"You should really get into golf," all my friends told me. "Golf's great! No, seriously, come out and hit the links with us, you'll have a blast." Being the highly impressionable and socially needy person that I am, I relented.
Eleven years later, all I have to show for my hundred and twenty dollars is a dusty set of golf clubs and traumatically bad memories of mud traps (yes, mud traps, not sand traps), and the things that lived in them.
What I needed was something that could tilt things in my favor. What I needed, besides a few thousand hours of golf lessons, was the ability to manipulate each hole such that it catered to my personal playing style. What I needed was Putt Base.
A sort of physics-based puzzler in the same vein as PuzzPinball, Putt Base tasks you with holes that would make a mini-putt master balk, and then asks that you complete each with a hole-in-one.
Sound impossible? Don't worry, to your credit you get to edit the course to your liking with a limited number of several different blocks that can change the direction your ball travels, give it a little boost, or nullify the bounce while increasing momentum.
Further, while there is a reward and demerit system at work in Putt Base, you effectively have all the time in the world to map things out just right. No need to throw your clubs, though I can't promise you won't eventually end up splayed out on the course screaming, "Why don't you just go home?!"
Analysis: When I first picked up Putt Base, two things jumped right out at me that allowed this game to stand apart from an already pretty well stocked field. The first was the fact that it wasn't gravity based, and the second was the fact that you received full control of the ball's direction when you first set things in motion.
In all of the variants of this style of game I've played before, there's always gravity, and the opening direction of ball travel is almost always straight down. That Putt Base alters these two seemingly minor factors in gameplay really opens up the field of possibilities for anyone willing to explore them.
Because you are no longer constrained by gravity, and forced to deal with the opening direction as it is given to you, each level has a plethora of solutions just waiting to be discovered. It's all about you, what you see, and how you plot out a path to the hole. The one downside to this is that occasionally the game will devolve into pixel hunting, but this shouldn't be too common of an occurrence.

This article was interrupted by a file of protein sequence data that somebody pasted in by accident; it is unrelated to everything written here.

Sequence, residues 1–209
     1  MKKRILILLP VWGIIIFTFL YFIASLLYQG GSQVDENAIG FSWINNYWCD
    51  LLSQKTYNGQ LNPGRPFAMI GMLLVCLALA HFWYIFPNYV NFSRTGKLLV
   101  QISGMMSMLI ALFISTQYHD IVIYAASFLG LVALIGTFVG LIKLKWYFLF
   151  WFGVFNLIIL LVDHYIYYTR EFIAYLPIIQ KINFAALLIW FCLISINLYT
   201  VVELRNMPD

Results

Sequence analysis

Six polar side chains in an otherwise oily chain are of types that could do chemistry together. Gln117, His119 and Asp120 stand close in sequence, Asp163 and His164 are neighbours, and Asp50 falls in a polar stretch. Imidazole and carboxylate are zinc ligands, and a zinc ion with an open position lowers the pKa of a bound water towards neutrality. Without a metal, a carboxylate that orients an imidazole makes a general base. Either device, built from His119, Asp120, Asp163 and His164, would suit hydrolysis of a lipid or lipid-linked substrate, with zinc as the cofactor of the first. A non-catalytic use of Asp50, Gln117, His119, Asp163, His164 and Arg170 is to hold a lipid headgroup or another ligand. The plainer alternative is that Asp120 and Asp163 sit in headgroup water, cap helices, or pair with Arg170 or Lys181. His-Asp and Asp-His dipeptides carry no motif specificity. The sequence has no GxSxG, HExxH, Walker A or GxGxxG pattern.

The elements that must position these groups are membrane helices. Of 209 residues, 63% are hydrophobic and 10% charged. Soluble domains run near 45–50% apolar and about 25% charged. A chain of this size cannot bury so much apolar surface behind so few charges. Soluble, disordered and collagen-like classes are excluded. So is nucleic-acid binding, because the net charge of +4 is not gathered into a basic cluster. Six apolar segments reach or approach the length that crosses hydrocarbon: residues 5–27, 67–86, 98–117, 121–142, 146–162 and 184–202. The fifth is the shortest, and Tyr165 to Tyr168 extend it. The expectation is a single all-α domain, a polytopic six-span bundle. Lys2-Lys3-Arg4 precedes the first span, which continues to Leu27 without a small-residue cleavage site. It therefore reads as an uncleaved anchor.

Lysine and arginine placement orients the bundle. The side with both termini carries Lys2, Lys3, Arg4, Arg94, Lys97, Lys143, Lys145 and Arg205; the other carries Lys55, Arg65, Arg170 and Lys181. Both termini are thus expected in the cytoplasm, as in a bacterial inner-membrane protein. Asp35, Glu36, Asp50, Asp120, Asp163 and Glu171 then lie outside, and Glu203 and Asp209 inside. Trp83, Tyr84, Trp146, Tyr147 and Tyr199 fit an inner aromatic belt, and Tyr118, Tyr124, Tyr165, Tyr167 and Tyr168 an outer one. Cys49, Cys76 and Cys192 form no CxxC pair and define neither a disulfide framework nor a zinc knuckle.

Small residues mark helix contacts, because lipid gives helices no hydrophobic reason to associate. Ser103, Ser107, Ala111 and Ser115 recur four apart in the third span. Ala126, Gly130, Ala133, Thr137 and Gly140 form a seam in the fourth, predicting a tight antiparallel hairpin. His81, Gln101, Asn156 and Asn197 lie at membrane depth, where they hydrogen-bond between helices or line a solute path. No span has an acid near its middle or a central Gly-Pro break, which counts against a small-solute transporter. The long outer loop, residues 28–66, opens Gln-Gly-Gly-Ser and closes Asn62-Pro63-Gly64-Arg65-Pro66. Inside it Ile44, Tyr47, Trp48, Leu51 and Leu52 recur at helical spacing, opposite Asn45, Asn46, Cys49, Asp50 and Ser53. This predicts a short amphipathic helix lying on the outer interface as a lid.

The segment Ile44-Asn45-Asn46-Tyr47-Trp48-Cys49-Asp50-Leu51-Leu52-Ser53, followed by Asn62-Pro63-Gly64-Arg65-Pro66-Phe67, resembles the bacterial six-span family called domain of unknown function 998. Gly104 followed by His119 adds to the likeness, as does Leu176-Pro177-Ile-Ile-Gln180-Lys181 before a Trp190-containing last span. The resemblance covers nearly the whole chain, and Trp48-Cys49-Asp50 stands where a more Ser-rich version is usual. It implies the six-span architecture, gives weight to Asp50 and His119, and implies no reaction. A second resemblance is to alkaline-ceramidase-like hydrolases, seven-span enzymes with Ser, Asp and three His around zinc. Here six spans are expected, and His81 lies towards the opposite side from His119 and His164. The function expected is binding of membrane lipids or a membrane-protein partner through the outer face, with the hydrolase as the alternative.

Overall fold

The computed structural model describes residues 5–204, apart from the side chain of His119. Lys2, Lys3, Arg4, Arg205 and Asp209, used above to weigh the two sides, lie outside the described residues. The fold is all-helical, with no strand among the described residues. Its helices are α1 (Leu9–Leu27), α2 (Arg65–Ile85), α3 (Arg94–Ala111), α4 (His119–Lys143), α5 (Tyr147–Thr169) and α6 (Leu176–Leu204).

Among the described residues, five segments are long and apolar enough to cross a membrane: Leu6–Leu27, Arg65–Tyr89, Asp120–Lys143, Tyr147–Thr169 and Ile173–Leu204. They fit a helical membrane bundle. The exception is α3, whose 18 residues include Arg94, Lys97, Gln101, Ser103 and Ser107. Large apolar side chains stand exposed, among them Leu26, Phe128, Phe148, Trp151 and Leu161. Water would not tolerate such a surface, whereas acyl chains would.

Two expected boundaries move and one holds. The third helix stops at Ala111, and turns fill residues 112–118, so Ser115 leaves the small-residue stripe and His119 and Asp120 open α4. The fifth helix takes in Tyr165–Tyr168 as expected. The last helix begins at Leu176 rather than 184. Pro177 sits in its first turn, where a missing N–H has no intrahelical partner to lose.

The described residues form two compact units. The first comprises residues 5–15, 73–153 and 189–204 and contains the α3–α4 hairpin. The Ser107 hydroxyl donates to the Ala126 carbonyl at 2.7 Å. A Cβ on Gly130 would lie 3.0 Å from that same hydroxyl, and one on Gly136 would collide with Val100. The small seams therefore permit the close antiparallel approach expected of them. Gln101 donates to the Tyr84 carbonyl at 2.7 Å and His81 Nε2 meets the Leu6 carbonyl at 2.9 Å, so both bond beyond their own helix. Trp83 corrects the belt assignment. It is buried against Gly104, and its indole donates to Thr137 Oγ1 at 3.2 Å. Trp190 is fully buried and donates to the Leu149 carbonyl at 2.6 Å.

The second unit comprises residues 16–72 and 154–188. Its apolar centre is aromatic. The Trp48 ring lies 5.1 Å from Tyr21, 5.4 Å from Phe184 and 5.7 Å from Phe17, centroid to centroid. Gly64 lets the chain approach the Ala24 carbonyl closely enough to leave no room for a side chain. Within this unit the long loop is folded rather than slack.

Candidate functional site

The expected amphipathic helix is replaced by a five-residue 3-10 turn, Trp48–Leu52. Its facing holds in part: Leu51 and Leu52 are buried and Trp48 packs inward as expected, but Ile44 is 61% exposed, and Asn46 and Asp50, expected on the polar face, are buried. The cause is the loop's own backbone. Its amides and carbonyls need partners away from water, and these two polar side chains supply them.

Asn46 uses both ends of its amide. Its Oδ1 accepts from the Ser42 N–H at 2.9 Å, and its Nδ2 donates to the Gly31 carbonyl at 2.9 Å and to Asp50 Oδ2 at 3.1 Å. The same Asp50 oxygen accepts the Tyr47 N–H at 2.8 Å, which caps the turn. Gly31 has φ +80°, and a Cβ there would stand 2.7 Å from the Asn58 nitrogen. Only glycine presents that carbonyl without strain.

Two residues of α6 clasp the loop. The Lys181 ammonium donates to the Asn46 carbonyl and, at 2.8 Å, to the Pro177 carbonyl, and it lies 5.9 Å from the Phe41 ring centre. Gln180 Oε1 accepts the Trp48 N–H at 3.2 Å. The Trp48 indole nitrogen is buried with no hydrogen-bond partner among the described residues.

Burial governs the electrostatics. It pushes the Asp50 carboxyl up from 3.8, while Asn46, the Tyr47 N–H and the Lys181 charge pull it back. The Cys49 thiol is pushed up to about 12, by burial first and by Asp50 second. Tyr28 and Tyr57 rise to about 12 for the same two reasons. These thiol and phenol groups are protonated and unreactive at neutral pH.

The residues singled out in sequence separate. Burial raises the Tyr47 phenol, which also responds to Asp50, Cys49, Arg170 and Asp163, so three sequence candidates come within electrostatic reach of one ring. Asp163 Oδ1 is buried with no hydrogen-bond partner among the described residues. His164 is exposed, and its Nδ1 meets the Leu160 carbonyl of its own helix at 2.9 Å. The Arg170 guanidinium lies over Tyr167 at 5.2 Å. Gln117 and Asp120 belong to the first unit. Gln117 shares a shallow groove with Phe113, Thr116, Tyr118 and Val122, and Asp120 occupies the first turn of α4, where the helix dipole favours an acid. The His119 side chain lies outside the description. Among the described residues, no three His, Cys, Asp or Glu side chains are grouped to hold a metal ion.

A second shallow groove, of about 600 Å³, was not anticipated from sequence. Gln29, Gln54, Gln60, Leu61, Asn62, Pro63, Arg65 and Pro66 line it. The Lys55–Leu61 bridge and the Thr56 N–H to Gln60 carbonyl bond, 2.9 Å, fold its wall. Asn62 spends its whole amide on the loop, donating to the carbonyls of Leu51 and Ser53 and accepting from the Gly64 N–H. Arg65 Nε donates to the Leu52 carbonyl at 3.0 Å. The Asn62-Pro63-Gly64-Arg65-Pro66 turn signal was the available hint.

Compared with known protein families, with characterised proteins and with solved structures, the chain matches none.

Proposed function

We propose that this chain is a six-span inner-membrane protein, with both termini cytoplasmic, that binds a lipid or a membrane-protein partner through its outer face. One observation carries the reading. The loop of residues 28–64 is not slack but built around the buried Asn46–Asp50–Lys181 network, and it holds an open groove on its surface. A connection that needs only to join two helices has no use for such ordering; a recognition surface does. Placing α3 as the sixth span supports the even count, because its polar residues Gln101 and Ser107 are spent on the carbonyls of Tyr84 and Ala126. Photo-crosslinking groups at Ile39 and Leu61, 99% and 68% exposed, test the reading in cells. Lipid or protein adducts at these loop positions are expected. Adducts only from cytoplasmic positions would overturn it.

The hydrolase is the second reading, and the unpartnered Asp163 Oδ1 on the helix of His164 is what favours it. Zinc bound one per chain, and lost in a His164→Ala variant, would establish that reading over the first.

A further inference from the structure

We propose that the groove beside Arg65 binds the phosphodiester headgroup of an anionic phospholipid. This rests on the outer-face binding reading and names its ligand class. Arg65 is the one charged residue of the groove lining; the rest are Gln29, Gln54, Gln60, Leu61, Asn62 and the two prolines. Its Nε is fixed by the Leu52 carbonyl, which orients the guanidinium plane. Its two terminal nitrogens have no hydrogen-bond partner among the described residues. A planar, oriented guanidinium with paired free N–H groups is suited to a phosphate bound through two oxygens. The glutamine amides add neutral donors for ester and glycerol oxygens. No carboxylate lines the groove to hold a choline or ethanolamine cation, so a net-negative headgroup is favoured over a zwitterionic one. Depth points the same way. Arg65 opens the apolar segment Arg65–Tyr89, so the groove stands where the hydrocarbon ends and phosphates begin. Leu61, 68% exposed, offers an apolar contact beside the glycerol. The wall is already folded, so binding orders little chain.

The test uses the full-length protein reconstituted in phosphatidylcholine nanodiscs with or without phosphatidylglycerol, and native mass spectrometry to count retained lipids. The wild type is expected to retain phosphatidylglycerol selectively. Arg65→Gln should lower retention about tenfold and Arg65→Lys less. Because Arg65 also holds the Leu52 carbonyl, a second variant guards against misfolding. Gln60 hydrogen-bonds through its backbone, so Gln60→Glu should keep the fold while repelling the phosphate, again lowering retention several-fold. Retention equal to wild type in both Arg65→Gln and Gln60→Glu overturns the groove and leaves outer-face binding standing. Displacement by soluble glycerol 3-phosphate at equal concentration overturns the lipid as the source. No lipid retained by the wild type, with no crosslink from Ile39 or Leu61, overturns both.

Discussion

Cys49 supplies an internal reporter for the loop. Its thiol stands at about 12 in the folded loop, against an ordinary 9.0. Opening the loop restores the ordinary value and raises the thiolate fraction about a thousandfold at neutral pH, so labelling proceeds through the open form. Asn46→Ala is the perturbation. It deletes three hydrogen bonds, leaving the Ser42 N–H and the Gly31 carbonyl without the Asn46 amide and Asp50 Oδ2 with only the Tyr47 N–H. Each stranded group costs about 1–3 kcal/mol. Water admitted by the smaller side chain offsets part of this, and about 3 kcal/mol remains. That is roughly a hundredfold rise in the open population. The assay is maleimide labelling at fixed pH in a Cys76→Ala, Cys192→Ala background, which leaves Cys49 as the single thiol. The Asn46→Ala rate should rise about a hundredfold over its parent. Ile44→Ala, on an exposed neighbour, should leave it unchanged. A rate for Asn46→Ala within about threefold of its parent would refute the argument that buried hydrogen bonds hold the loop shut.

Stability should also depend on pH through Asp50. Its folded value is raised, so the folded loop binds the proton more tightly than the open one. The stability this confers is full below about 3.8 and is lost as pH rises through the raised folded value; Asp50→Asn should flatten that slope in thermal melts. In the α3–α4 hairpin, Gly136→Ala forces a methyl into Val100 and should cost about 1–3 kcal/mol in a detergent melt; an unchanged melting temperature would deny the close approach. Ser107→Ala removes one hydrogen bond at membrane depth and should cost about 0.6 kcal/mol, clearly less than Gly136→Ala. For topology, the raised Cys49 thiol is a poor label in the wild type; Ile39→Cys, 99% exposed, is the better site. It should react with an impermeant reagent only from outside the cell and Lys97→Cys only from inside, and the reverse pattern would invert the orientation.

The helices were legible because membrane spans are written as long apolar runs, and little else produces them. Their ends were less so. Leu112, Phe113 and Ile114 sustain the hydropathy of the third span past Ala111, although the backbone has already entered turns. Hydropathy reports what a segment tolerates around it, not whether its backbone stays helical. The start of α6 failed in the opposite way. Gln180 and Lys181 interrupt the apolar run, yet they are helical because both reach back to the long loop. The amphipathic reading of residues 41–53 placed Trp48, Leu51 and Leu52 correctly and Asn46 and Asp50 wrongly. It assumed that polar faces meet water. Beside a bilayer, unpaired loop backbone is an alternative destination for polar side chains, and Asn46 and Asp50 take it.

Beyond this, Putt Base remains pretty straight forward. The types of blocks available is a little bit meager but gets the job done, and the fact that you can't rotate them can be either a blessing or a curse depending on if you see this as an added challenge, or an annoying oversight.
I would have also liked to have seen a little more variety in the aesthetics; the visuals are nice, but a lack of variation can get a little on the repetitive side after a while. But beyond some cosmetic shortcomings, and a general desire for a little bit more of everything, there's not a whole lot to complain about with Putt Base.
The point and advancement system takes a little getting used to but is ultimately fair, and gives you just enough incentive to go back to try completed levels again while at the same time forcing you to put a little effort into reaching the next level.
All in all, if you're a fan of this style of game, Putt Base will definitely be a welcome addition to the growing library already out there. If you aren't, there just might be enough new offered here to change your mind.
Hmm, well, the physics here confuse me a bit. Fun, although I think it deserves maybe 3.5 stars. It's not bad, and I like the graphics. The physics are just odd, that's all. Fun though, although I just got annoyed by level 3 or 4 or so and quit.
Which part confused you? I'll admit the jelly blocks take a little bit getting used to, but that's mainly because when I think jelly, I think bouncy. The jellies here kill your bounce, but give you a little bit more of a lateral boost.
I don't know if I'm the only one, since the rating is so low, but I liked this game. The same fun as The Incredible Machine - one thing, it's quite easy (if you don't play for points) and it's short... I cross fingers for a second part!! :-)
It's frustrating that almost every level ends up being a pixel hunt for the "correct angle".
For example, I succeeded on one level, and after about a minute, I got it to go in with 2 blocks. But the time bonus was 50s. So, I retried the level, putting the blocks back where they were originally. But I just couldn't get the ball in the hole again. I kept adjusting the angle by tiny amounts, but the ball would be too far left or too right, after just 3 bounces.
I think if they had instead made the time bonus based on how fast you got the ball in the whole after clicking start, it might be a lot more interesting. Then the goal would be getting the optimal placement, not rushing to get the pieces on the board.
Anyway, it has the potential to be fun, but it's not quite there yet to me.
kind of a fun game...got a bit frustrated after a while, but oh well.